The story of Brexit since the referendum vote has so far been that of a stalemate. There are two major factions in the British elite: those that see a strategic interest in remaining with the EU, and those who forecast the EU’s decline and thus believe that Britain is better abandoning a sinking ship sooner than later. The current situation with regards to Brexit can be boiled down to a simple fact: neither of these two factions so far currently holds the resources to defeat the other.
On January 8, Gazprom launched Russia’s first FSRU to ship liquefied natural gas to the Kaliningrad region. The vessel Marshal Vasilevskiy, constructed by South Korea’s Hyundai Heavy Industries, is able to transport up to 3.7 billion cubic meters (bcm) of gas to Kaliningrad which is enough to cover any potential increase in the regional gas demand. Russia’s western exclave is a dynamic and rapidly growing regional gas market – last November Governor Anton Alikhanov said the regional gas consumption would reach 2.48 bcm in 2018. Furthermore, gas demand is expected to reach at least 3 bcm/year in the near future, while pipeline transiting via Lithuania has a (limited) operational capacity of 2.5 bcm/year. Therefore, a new source of gas – in the form of LNG – will mitigate potential deficit in the region.
On Tuesday night, Theresa May’s Brexit deal was overwhelmingly rejected by the House of Commons. Mrs May’s crushing loss is the the biggest defeat inflicted on any UK government by parliament. The prime minister is now in a race against time to revamp and revive her deal before Britain’s scheduled departure from the EU on March 29.
The year 2019 can be described, with good reason, as the Year of Africa in Russian foreign policy. The first full-scale Russia-Africa Summit has been planned for the summer. It will be accompanied by a business forum and a meeting of civil society and NGOs and it is expected to bolster youth and university cooperation. These plans, if they are implemented, will signify Russia’s return to Africa. Russia’s involvement in international African development programs plummeted after the disintegration of the Soviet Union. We must now make up for lost time.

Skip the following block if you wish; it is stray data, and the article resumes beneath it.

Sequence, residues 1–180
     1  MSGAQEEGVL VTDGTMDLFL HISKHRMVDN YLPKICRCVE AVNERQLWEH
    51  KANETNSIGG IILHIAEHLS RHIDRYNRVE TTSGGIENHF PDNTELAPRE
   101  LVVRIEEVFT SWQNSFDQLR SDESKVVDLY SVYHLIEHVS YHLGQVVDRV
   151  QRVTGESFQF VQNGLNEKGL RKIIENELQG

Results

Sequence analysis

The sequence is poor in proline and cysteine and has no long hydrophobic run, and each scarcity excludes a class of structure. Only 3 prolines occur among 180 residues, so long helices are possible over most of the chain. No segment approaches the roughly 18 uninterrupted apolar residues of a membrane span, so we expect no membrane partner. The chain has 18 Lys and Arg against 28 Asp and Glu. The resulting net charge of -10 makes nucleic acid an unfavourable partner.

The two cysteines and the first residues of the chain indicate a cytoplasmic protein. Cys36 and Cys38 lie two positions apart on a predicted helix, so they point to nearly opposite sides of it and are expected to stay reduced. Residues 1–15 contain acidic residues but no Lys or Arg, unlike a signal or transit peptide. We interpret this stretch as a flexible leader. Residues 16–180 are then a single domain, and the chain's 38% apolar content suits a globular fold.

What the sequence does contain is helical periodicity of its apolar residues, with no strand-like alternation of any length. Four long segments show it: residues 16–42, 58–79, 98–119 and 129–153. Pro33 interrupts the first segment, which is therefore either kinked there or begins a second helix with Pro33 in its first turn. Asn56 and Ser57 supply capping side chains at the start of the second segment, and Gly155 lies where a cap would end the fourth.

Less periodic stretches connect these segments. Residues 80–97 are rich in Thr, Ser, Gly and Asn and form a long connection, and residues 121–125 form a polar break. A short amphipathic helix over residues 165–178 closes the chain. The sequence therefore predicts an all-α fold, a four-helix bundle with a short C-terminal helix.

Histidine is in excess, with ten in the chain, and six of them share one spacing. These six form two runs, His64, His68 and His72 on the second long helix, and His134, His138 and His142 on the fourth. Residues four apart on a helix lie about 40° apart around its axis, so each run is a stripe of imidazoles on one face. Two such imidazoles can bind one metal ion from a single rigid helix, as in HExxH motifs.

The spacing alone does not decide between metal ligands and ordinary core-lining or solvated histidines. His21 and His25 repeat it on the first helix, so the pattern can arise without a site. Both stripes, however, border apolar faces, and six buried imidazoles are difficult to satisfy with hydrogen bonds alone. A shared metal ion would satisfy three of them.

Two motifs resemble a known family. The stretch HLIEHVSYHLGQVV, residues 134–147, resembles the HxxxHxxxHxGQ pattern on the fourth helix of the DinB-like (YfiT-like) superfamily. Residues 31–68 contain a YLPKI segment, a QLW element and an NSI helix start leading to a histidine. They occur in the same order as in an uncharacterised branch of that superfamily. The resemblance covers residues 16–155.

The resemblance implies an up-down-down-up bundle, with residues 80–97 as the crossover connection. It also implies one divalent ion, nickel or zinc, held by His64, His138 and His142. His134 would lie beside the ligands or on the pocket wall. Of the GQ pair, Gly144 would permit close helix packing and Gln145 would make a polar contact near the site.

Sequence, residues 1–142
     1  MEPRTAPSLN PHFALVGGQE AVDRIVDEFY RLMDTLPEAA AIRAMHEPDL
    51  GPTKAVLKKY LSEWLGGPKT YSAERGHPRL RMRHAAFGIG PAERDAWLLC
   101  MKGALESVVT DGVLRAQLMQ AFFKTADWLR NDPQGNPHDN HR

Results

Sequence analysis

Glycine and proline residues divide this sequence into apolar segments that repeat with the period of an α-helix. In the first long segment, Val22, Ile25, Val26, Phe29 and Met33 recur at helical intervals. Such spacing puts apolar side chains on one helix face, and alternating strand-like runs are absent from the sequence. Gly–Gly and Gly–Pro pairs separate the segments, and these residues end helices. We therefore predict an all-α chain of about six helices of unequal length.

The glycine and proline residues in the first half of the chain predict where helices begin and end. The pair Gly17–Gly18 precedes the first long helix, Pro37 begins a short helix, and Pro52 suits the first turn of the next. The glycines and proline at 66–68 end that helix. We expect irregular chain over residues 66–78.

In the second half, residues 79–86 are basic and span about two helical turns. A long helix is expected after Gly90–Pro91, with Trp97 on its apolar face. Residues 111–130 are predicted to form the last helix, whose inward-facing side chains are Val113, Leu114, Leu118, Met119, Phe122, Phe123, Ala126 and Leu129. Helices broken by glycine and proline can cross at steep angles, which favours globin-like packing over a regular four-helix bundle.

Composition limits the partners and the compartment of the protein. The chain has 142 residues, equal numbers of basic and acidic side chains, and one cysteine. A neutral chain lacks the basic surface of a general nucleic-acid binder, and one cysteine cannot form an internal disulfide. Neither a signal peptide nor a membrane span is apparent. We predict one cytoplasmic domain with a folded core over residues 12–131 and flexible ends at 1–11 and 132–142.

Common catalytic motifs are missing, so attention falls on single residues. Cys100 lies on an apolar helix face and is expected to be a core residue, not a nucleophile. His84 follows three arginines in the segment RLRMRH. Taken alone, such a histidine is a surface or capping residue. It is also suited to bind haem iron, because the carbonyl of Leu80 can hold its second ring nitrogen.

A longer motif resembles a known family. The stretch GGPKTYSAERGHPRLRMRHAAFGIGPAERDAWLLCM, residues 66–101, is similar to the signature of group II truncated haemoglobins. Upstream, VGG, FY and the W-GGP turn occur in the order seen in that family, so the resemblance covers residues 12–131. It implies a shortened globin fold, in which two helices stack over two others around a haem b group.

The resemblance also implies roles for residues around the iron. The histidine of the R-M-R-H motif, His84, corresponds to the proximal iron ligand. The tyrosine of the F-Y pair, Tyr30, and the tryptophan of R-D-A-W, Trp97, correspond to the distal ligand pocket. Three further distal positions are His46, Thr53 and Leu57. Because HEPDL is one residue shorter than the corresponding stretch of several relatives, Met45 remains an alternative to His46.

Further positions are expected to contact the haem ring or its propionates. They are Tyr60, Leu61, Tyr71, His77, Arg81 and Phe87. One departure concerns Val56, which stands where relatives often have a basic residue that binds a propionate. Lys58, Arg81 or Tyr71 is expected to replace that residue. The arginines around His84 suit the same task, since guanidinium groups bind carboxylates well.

2019 started out with the most important event for Russia’s energy security. Russia’s first floating regasification unit was commissioned at the port of Kaliningrad. The Marshal Vasilevsky ship named after the Soviet military leader, who led the general staff and the Koenigsberg Offensive during the 1941-1945 Great Patriotic War, can transport and store liquefied natural gas and regasify LNG to supply consumers with household-grade methane in gaseous state.
On 29 March 2019 the United Kingdom will leave the European Union diminishing the number of its ‘member states’ to 27. While the UK’s future relationship with the EU remains unresolved, even greater uncertainty faces the Union. Pundits and academics alike agonize over whether the UK’s absence will remove one barrier to greater harmonization between the member states; that is, to a strengthening of the federal nature of the Union. Others contend that its exit is yet another step in the unraveling of the Union consequent on the energizing of Eurosceptic movements to secure greater sovereignty for the member states. Without a doubt, the current pattern of political and economic differentiation between the member states has been dealt a heavy blow by the British vote to exit. The question is also raised as to whether the European Union will be able to forge a sustainable pattern of agreements with outside states, particularly the UK.
The structure of the international system is undergoing transformation of a scale unprecedented in recent times. This change has been brought about by the relative decline in the dominance of the US and the rise of other powers like China, Russia, and India. The world is moving towards multipolarity, admittedly an asymmetrical one, but also one which could coalesce into a bipolarity between the US and China in the long run.
The changing nature of the world order and the uncertainty this brings into international affairs is pushing countries to hedge their bets by investing in multilateral and bilateral economic projects as well as creating new groupings – regional and global. India sees many benefits in joining such organizations and has joined quite a few in recent times, albeit for different purposes. This paper looks at India’s historic and current approaches towards multilateralism, the importance of Eurasia in Indian foreign policy and its aims in joining several multilateral organizations in Eurasia.
On January 9, the Valdai Club held an expert discussion, titled “The Arrival of Global Politics: Diversity of Strategic Cultures and Its Impact on International Affairs” as part of the Raisina Dialogue international conference in New Delhi. It was the first experience of the Club’s partnership with the Observer Research Foundation, the conference organizer.